"The State is confident that the new legislative and Congressional maps comply with both the federal Voting Rights Act and the U.S. Constitution," a spokeswoman for Texas Attorney General Greg Abbott said in an email.
The Justice Department will deliver its opening salvo today in Texas' controversial redistricting case, laying out its initial argument on whether the state's new Congressional map adheres to the Voting Rights Act.
The department's legal brief will also give a hint as to how hard the Obama administration will fight for Hispanic voters in a proxy battle against one of the president's potential opponents next year, Texas Gov. Rick Perry (R).
"It's a critical step in figuring where we end up in redistricting, especially Congressional redistricting," said Michael Li, a Democratic election attorney in Dallas. "It's the first time Democrats have controlled the Justice Department [during this process] in 40 years, since the Voting Rights Act was enacted. Everyone has been wondering how aggressive the Justice Department is going to be."
Earlier this year, Texas Republicans passed a Congressional map that added four new House seats — a result of population growth. But Democrats charge that the map does not accurately reflect the increase in Hispanic voters by creating additional majority-minority districts.
The Justice Department has been tight-lipped about the Texas map. Xochitl Hinojosa, the department's spokeswoman for the civil rights division, declined to comment for this story.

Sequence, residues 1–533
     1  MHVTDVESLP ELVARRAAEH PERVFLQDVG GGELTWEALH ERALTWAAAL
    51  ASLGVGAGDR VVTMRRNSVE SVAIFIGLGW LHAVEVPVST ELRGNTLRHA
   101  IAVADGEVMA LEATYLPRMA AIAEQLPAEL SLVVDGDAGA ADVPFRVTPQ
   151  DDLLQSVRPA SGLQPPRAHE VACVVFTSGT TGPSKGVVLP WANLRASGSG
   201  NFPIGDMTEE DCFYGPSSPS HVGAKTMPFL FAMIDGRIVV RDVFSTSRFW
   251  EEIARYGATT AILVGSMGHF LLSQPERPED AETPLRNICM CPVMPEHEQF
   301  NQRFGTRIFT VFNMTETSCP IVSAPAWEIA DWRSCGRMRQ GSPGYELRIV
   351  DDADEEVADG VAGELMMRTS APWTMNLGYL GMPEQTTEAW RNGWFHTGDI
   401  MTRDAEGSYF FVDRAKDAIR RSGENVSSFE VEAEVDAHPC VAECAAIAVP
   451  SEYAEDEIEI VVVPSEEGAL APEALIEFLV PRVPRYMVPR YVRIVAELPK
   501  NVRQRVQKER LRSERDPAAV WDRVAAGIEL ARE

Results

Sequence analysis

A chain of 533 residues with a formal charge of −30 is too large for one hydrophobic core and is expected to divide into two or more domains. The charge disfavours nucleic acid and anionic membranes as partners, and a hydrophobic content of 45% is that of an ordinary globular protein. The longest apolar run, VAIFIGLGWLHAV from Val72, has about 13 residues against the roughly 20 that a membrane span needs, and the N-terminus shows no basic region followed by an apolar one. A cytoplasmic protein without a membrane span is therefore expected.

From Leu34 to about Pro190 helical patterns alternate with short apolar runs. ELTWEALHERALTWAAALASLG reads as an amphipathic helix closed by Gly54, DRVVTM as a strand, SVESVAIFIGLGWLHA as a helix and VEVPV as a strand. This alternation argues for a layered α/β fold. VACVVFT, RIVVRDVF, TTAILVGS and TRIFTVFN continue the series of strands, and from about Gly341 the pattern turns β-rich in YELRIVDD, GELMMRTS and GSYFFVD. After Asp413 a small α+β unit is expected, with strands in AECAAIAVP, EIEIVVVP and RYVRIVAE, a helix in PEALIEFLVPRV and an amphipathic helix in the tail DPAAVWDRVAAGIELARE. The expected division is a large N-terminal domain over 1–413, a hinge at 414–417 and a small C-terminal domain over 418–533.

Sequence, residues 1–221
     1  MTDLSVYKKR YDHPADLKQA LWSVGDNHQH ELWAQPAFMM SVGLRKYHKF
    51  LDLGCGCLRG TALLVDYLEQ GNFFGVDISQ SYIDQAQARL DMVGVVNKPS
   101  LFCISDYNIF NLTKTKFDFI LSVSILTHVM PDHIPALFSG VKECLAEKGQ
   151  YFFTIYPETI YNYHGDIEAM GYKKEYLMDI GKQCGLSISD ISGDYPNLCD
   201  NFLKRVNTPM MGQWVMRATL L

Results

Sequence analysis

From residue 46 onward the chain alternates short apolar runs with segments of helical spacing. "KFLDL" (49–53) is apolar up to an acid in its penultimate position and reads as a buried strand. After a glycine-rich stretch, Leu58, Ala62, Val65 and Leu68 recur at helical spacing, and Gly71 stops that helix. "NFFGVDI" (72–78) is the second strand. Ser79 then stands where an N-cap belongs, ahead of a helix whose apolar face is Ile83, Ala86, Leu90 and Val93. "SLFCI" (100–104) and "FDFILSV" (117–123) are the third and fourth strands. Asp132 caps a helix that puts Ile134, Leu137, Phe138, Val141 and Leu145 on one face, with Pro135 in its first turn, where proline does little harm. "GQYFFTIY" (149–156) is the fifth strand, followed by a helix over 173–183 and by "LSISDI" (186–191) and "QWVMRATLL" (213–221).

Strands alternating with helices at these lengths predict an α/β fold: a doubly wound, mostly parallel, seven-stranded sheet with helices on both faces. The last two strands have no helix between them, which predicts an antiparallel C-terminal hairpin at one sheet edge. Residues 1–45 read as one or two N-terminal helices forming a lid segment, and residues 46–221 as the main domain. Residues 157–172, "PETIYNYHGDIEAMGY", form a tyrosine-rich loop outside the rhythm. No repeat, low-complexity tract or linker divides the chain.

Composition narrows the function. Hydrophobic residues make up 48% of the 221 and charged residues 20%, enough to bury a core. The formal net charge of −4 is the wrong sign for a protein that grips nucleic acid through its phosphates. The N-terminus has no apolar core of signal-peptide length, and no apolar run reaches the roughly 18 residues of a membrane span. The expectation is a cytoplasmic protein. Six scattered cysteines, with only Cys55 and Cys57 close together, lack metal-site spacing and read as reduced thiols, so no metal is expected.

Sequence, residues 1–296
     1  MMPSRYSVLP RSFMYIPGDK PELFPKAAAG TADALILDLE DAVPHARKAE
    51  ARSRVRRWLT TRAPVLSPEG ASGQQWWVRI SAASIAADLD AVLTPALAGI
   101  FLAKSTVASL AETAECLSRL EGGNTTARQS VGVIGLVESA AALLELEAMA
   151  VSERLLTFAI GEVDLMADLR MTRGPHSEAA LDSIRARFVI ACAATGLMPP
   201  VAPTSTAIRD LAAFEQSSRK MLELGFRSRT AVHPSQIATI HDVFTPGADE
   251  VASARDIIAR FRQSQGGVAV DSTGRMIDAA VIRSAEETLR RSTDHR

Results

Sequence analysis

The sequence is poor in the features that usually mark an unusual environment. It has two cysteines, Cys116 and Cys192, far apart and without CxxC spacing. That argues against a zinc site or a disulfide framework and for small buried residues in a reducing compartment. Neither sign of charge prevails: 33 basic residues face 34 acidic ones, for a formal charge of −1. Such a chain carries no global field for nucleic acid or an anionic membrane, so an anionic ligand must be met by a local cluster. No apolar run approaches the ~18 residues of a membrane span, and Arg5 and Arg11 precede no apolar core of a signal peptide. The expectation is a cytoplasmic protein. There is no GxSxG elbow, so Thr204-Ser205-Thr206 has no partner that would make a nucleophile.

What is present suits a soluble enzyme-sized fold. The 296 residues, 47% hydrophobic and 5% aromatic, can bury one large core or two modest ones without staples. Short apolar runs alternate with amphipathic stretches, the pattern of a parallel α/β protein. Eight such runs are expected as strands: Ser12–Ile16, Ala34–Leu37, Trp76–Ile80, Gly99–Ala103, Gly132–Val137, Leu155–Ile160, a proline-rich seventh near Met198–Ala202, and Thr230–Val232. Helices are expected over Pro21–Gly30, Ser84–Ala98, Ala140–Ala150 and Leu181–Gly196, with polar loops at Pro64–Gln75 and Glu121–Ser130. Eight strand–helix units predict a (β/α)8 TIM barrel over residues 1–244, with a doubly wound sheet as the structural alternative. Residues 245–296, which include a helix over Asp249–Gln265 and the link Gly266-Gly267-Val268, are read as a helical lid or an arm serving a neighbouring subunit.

But many Democrats are optimistic that the Justice Department will use the new Texas map as the basis for a major judicial battle.
"Those of us who have been following this believe there is ample reason why the Justice Department will object to these plans," said Matt Angle, a Democratic strategist and redistricting expert from Texas.
The Department of Justice's brief, due in court today, could provide a range of answers, redistricting experts said. It could approve the map, making an upcoming federal trial almost moot, or it could ask for more information about certain areas of concern. The department's attorneys could also oppose parts of the Texas plan or all of it.
Meanwhile, a separate federal trial over the map in San Antonio wrapped up last week. That court is expected to hold off on a decision until the U.S. District Court for the District of Columbia gets the DOJ brief and then decides on moving forward with a trial.
Many prominent Republicans are mum on the matter. Some of them involved with the new map declined, through aides, to be interviewed for this story, including Texas Attorney General Greg Abbott, National Republican Congressional Committee Chairman Pete Sessions and Republican Reps. Joe Barton and Lamar Smith.
Sen. Kirsten Gillibrand, D-N.Y., speaks with reporters following a vote in the Senate. Gillibrand’s proposal to remove military commanders from the process of reviewing sexual-assault cases was left out of the bicameral deal on the defense authorization bill, but the senator is pushing for a vote on her plan soon.
Each year since 1990, CQ Roll Call has reviewed the financial disclosures of all 541 senators, representatives and delegates to determine the 50 richest members of Congress. This year's report, derived from forms covering the calendar year 2012, shows it took a net worth of $6.67 million to crack the exclusive club.